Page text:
...assuming Verizon tells you that information... ATT was not very good at reporting this info... Your phone could also tell you but depending on the type of phone it may have to have its statistics reset in order for you to get a more accurate picture...
Yeah, I suspect that Verizon and the other big carriers don't want customers to know how much data they're really using, let alone how much they really need. They've succeeded in convincing most middle-class people to just buy the most expensive unlimited plans. (Also see ISPs who officially recommend their most expensive 1 Gbps plans to everyone who watches Netflix, when Netflix itself says that you only need 3-15 Mbps, and you can confirm this by looking at throughput on your router: https://help.netflix.com/en/node/306)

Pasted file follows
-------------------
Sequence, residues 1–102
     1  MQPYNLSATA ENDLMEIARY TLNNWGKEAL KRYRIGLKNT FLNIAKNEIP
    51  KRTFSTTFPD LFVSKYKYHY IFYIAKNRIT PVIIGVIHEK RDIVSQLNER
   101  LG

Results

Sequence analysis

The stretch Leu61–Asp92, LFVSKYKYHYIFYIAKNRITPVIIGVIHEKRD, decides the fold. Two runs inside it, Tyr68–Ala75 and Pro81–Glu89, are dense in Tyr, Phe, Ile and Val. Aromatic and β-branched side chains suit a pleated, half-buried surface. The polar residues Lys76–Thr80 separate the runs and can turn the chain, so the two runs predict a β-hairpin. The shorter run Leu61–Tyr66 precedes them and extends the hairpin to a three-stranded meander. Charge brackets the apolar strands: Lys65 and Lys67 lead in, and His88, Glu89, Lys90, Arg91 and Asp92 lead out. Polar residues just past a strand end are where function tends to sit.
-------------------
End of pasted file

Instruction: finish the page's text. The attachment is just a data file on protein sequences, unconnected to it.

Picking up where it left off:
Android will show you the amount of cellular data you've used, per app, in any 30 day period for the past few months. I do mostly rely on that, and then I'll crosscheck it sometimes with the ground truth on my Red Pocket account. The thing that needs to be "reset" is the starting date for the cycle.

The usage per app is really key. Essentials like Gmail, Messenger, Outlook, Teams, Google Voice, and Google Maps use surprisingly little data. Modern web pages in the browser, on the other hand, can use shocking amounts of data, even if they aren't showing video, so browsing the web for entertainment is really incompatible with a lightweight cellular data plan (reading Bogleheads is fine - this page is 340 KB, and only 110 KB with cached content after the first load - but some websites serve tens of MB per page).
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Supergrover